You may need to come to terms with the fact that your body may never be the same, and not just because of the obvious things like a few, or many, new stretchmarks. Your alignment and way that you walk may be altered now that you have had a baby. While you can definitely work on improving your posture, there’s nothing you can do about changes like a newly widened pelvis. And things like pelvis width play a role in the way your body moves.
For some this may be inconsequential, but if you are particularly in tune with your body, like dancers or athletes, you may feel a sense of identity loss accompanies this change in movement patterns since not only is gait a fairly individualized trait, but it could make your return to your beloved physical activity somewhat difficult. Be patient with yourself as you adjust to these changes.
5 Truths: You Can Get Back In Shape, Or Better Shape Than Before
Hanging up the towel on fitness once you have a baby is definitely not necessary. In fact, some women find it easier to build the body they want after they’ve had a baby. This might seem counter-intuitive, but here’s why. For one, staying on track with an exercise program can be tricky when it’s solely for looks. No matter how bad you want to fit in your skinny jeans, its often just not enough to keep you focused on your goals, but once your little one arrives you’ll want to be healthy and fit enough to watch them grow and be able to play with them.
This may be the extra motivation you need to maintain your gym routine. Or if you’re just not a structured exercise kind of person, as your baby grows they’ll get you moving!
4 Truths: Extra Skin On Your Belly Can Happen
Yet another thing that you just can’t do anything about: extra belly skin. Unfortunately, sometimes once the skin on your stomach stretches enough to cover that big baby belly it just can’t find its way back to its original shape after the baby’s born. Even if you lose all the weight you gained, build more muscle, and eat right, that stubborn skin just won’t go anywhere, because that’s what it is skin, not fat.
Though you may be able to improve its appearance, if it’s a small amount of extra, by drinking enough water to smooth the wrinkles, it’s not leaving without a fight, namely surgery. So, if you’re not willing to go under the knife for a perfectly taut tummy, you better get used to your somewhat flabbier skin.
3 Truths: Your Stomach Won't Be Flat Immediately
With very few exceptions, if any, including the rare women who don’t look like they were ever pregnant less than a month after having their baby, your stomach will not be flat after giving birth. To be honest, it might look downright weird. The baby’s out, so it’s smaller, but your uterus is still in the way keeping your middle pushed out, and if you gained some stretchmarks, they are looking just brutal now that the skin's not being held so tight.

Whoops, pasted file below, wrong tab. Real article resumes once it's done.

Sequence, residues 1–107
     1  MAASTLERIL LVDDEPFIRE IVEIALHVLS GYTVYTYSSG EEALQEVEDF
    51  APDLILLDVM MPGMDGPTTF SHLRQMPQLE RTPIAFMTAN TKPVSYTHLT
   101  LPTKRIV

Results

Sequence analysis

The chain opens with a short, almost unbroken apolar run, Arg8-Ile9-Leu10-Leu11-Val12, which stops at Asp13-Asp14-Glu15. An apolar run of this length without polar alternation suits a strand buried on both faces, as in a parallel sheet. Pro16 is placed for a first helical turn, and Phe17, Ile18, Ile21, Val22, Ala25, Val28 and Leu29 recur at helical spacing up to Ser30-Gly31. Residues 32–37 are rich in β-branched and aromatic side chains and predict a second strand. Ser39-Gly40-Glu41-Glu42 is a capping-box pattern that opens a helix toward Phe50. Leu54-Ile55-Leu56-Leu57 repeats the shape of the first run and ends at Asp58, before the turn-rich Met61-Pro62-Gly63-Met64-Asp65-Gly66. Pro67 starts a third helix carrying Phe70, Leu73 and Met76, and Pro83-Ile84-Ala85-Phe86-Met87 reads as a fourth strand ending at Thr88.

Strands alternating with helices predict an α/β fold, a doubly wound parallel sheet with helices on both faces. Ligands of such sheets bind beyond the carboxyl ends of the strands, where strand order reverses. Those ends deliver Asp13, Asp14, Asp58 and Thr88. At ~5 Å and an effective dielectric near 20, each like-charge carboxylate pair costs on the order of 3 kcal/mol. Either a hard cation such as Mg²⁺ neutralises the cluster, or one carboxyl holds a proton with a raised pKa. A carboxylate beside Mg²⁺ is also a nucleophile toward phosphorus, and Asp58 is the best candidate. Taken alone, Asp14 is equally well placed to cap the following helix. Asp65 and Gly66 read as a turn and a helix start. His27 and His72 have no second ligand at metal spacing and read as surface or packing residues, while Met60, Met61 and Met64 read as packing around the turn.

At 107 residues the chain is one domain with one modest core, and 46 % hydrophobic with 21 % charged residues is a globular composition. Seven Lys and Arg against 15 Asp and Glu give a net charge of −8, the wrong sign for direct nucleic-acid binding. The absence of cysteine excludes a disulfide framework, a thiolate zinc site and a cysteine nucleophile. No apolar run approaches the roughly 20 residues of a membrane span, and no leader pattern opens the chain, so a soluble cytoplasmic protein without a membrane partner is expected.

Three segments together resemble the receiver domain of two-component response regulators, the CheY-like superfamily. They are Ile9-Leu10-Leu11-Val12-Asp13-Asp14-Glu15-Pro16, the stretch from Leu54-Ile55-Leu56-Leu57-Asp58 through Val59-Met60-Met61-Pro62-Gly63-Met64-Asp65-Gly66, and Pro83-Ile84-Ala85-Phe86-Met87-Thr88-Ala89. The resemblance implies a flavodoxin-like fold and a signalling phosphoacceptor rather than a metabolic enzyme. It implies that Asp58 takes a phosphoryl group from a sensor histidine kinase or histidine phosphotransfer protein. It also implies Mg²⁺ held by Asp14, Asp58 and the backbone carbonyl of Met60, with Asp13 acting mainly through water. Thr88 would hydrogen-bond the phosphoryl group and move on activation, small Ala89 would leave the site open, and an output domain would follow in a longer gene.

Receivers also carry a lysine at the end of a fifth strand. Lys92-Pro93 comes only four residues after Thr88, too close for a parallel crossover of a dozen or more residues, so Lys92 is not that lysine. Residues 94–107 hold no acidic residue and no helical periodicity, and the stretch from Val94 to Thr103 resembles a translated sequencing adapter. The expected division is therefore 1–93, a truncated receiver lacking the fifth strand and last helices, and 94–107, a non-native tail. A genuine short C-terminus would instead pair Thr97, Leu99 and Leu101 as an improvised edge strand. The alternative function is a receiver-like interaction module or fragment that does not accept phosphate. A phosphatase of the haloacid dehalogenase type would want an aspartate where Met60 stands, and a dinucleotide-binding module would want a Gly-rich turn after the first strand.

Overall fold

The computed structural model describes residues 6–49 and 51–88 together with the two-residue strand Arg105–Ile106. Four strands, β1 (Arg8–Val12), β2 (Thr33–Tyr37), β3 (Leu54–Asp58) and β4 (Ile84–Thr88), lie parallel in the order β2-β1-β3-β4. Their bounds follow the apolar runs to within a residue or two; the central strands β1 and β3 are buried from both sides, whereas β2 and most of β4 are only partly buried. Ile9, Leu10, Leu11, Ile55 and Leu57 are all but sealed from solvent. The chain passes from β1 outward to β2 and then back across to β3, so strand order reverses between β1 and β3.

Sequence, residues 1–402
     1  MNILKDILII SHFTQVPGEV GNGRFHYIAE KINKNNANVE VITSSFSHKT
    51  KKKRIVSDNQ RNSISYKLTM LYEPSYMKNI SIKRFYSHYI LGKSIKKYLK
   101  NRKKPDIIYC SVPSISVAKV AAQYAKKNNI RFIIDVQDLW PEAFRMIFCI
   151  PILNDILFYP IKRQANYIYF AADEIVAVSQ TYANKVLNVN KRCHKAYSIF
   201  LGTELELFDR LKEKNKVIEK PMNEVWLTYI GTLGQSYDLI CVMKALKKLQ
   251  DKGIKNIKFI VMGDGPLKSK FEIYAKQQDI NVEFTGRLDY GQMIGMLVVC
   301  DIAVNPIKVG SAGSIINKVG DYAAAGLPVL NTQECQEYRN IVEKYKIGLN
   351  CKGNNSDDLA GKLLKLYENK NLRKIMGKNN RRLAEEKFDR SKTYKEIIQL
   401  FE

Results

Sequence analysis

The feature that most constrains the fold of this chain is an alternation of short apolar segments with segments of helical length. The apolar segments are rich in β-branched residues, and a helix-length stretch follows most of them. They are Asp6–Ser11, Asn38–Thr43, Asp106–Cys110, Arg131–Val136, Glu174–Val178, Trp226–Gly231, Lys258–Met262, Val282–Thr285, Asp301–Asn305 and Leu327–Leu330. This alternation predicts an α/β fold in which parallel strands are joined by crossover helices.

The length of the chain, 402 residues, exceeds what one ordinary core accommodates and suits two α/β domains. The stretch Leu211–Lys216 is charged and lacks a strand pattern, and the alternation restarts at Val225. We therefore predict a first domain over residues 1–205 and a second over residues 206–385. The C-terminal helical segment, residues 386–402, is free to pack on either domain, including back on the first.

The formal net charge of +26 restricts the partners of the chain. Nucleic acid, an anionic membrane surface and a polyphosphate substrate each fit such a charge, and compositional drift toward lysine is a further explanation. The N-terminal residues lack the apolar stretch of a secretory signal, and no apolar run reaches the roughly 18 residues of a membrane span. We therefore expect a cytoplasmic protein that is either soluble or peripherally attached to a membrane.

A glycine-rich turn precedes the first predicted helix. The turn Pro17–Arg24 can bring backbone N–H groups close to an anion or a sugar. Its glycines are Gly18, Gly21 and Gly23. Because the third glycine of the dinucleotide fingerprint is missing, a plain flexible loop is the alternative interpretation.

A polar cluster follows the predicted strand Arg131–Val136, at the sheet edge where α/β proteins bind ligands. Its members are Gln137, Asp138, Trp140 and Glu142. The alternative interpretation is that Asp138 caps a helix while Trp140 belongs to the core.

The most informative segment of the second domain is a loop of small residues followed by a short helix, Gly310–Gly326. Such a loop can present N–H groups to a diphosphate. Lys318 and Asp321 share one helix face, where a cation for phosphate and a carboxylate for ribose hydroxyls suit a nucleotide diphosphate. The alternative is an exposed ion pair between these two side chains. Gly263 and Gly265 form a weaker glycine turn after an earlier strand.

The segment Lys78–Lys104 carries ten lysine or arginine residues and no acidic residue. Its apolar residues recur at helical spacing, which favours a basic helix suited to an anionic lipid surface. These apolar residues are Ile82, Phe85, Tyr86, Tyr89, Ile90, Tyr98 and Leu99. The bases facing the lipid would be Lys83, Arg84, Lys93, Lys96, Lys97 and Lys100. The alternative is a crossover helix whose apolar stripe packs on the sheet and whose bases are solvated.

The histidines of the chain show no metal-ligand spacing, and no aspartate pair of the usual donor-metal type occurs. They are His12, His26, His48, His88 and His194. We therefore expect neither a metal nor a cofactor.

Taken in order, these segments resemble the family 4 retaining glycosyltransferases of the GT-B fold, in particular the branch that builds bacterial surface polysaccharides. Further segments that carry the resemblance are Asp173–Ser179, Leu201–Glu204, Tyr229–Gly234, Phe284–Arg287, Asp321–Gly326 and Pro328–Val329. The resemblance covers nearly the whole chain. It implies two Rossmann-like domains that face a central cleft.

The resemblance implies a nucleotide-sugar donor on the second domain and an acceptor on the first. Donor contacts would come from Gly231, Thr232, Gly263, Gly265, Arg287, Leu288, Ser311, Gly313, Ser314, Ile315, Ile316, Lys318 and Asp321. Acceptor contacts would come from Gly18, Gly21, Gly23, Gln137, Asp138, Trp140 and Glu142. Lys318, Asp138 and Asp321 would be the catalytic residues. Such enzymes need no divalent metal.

But, before long your uterus will return to normal size, the clawed by a tiger look of your stretchmarks will subside, and you will be able to begin strengthening your core muscles again to hold everything back in where it belongs. In the meantime, relax; enjoy your baby, and know that pretty much everyone is in the same boat after their baby is born.
2 Truths: Leaking Is Not Normal
Though you’re definitely not alone as many women accept this as a cross they must bear after having a baby, incontinence isn’t normal. Now initially, before you’ve really had time to heal it could be expected that holding it in just isn’t possible, but once your beyond the first few months, these issues should be resolving themselves. If not, you may have a prolapse, meaning the organs inside your pelvis (i.e. the bladder) aren’t supported up where they should be.
If persistent urine leaks are part of your life, get in touch with your doctor and/or a physical therapist that specializes in this area to get a diagnosis and plan of attack for your recovery. In severe cases of prolapse this could mean surgery, but for many women it’s just a matter of re-teaching the muscles in your pelvic floor to work correctly.
1 Truths: No Two People Or Pregnancies Are The Same
This one is huge: do not, I repeat do not compare your post-pregnancy body with anyone else’s, not even your own from a previous pregnancy. Every woman and every pregnancy is so different that it is completely unfair to compare your current postpartum body with any other postpartum body. All this will do is bring you, or someone else if you feel the need to rub it in someone’s face how easy you got back in shape or amazing you looked after having your baby (which is seriously rude don’t do this), down making it harder to find the motivation to improve your body.
Just remember: whatever happens during pregnancy happens, control what you can, let go of what you can’t and get back to enjoying your adorable new baby!